FUEL RELATED AVIATION ACCIDENTS: Stakeholders Recommend JUHI To Establish Laboratory For Product Testing

Aviation stakeholders has called on the Quality of f Jet A1, known as aviation fuel to question as industry, thereby recommending the Joint Users Hydrant Installation (JUHI) at the airport to establish a laboratory to test the quality of product quality and ensure it is not contaminated.


A stakeholder, Group Captain John Ojikutu  who pointed out the lines of accidents linked directly to contaminated fuel said that there have been no fewer than nine (9) serious incidents and accidents linked to the product and wondered why it hasn’t been made a priority to forestall further accidents from that area

He made this known last Friday while making his contributions at the LAAC/AIB Conference: Preventing Human Factors in Air Accident Investigations held at the weekend in Sheraton Hotels and suites where he said accidents that have to do with fuel contamination was becoming commonplace asking the relevant agencies to implement recommendations.

According to him, the industry led by a committee had actually gone to the Department of Petroleum Resources (DPR) to find out why the situation persists and were told that the Department can only vouch for the product until it leaves their depot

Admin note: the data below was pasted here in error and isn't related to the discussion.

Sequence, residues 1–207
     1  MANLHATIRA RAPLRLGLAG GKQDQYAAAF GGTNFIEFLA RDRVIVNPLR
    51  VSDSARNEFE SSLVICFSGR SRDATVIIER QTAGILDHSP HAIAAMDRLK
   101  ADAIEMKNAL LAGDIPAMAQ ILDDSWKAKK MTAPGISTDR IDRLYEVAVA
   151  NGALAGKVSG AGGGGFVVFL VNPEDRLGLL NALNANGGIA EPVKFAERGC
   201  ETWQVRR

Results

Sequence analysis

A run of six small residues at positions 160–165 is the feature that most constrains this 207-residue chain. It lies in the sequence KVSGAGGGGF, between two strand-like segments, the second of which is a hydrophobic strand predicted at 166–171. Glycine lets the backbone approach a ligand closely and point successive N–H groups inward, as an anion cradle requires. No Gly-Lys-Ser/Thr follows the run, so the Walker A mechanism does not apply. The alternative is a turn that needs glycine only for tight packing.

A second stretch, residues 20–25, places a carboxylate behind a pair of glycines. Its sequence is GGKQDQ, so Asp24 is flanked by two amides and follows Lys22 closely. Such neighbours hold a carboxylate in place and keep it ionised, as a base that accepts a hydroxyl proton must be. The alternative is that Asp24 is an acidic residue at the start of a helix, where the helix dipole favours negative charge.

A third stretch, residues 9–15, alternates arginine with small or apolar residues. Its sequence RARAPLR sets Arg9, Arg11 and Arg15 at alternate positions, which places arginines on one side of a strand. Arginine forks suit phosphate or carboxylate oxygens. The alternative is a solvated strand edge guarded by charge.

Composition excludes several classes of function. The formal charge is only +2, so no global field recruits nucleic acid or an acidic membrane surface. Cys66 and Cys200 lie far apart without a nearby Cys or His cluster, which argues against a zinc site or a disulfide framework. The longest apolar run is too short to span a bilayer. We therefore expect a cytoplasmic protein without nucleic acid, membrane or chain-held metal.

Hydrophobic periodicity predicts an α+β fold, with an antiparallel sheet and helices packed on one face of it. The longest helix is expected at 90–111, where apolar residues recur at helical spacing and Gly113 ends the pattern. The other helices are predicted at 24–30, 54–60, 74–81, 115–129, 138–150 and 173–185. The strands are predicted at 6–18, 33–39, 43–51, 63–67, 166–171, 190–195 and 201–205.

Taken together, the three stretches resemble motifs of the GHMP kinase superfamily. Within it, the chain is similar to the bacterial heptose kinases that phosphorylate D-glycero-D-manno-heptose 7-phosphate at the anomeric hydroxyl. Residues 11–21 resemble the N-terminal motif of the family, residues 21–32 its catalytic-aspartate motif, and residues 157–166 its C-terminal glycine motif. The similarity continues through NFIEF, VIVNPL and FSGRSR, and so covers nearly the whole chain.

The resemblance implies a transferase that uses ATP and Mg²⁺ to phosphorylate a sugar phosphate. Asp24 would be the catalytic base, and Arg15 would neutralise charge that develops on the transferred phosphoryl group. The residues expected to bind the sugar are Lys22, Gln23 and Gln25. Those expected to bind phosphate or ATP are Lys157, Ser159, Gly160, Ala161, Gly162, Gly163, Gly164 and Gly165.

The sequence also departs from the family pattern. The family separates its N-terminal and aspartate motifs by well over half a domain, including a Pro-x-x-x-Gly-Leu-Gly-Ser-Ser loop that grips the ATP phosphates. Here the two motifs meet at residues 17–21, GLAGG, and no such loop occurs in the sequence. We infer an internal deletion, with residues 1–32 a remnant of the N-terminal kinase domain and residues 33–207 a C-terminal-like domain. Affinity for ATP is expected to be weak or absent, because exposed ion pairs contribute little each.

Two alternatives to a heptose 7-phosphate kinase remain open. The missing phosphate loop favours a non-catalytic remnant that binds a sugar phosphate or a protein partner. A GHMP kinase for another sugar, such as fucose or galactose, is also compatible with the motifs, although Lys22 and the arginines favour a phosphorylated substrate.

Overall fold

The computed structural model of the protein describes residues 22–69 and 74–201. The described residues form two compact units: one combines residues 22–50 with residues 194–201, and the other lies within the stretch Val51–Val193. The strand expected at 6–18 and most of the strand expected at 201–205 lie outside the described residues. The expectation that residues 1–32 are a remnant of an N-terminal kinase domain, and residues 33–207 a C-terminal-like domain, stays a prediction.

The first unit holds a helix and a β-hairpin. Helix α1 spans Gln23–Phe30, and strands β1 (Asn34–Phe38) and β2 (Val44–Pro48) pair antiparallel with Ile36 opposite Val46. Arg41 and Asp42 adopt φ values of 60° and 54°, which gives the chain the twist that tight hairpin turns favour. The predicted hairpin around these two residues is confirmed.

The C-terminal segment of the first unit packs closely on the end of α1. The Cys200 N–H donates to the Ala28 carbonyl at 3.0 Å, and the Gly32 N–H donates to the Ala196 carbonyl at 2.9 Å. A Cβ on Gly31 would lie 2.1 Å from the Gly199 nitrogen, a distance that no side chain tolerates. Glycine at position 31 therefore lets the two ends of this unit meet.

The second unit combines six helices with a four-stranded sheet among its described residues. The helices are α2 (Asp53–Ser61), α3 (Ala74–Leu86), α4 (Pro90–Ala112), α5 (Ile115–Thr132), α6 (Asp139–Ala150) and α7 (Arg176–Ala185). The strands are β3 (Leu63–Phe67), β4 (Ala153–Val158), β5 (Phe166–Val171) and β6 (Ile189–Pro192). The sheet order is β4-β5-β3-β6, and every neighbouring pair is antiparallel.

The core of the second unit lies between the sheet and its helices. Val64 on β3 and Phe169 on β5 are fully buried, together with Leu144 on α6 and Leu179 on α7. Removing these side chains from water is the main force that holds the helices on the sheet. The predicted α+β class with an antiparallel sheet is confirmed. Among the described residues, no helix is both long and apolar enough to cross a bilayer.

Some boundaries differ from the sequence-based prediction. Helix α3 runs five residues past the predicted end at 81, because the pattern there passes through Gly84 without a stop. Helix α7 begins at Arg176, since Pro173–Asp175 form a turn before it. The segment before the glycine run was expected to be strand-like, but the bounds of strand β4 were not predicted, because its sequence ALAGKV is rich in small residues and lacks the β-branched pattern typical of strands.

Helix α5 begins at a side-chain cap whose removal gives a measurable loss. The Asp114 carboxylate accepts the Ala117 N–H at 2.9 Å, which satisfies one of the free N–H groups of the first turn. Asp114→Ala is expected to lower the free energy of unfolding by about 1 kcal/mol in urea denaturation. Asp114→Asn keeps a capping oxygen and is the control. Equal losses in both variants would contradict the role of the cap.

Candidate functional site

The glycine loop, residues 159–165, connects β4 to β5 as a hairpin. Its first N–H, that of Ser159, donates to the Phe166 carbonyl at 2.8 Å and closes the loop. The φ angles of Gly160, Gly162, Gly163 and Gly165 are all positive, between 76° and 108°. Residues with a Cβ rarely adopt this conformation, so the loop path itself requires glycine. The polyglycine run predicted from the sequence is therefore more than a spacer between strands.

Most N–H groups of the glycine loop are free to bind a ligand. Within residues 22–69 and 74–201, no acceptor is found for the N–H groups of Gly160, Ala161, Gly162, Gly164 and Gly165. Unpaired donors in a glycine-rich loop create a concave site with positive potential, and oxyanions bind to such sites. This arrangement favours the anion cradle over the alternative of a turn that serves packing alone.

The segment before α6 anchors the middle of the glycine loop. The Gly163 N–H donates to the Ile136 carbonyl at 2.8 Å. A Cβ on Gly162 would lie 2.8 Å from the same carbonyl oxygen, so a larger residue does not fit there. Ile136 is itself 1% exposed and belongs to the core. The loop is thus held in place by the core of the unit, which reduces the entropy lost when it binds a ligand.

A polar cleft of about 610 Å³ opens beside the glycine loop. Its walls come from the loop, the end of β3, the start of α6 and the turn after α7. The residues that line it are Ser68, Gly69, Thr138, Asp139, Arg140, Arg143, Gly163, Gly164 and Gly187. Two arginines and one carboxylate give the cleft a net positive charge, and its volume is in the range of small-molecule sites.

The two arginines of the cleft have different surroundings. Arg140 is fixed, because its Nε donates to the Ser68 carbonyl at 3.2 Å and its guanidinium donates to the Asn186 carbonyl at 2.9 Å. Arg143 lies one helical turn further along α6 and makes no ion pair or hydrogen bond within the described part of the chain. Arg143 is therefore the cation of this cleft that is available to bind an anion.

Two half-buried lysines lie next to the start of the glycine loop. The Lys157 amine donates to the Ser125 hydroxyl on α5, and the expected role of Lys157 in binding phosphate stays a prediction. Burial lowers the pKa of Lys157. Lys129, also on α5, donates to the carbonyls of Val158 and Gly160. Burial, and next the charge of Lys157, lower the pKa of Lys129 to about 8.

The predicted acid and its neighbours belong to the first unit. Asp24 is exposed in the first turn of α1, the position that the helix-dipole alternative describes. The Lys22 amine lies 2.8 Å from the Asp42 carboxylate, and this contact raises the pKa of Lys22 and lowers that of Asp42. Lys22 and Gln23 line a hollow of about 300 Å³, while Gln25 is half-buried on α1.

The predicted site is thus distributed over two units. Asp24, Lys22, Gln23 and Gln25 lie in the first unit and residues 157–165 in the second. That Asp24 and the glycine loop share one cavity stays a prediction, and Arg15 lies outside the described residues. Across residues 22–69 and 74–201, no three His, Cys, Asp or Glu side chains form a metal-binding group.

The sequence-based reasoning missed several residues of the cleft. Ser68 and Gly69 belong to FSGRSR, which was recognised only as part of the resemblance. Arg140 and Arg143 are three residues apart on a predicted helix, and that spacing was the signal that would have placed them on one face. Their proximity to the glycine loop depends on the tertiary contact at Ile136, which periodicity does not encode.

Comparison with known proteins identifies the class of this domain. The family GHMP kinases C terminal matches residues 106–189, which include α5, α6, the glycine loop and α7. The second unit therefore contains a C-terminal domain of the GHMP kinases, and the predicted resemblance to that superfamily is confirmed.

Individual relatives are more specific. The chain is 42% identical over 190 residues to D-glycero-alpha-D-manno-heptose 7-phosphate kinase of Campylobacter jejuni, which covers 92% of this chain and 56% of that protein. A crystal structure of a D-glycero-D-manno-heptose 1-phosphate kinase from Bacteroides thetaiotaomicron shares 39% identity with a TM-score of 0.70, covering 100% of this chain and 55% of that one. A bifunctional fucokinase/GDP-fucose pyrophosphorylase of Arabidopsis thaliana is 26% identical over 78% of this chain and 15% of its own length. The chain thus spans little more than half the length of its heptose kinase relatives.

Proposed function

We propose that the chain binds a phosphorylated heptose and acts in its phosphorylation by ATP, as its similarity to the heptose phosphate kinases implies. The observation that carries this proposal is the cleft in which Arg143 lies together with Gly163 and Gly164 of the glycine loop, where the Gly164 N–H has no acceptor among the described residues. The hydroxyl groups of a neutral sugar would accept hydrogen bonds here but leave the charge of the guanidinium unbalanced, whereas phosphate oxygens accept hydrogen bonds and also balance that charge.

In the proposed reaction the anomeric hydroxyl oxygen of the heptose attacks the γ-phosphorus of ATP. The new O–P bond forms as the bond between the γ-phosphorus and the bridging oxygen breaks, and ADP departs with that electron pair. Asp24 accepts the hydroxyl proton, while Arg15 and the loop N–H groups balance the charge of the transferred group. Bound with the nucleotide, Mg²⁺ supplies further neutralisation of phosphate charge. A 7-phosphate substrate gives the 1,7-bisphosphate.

“There are a lot of safety recommendations from about nine accidents that involve the quality of fuel. Since 1992 no one has repaired the pipeline that burst so that the same quality of fuel from that end will land here. When we went to the DPR they can only guarantee the fuel that left their depot. They told JUHI to set up a laboratory and the latter said it’s too expensive.

Ojikutu said, “Over the years, there has been evidence of fuel contamination in the AIB reports on some air accidents as there have been a number of safety recommendations on such reports. ART members wanted to know the level of compliances to the relevant safety recommendations made on contamination of fuel for DPR and the NCAA that are still yet to be seriously addressed or complied with.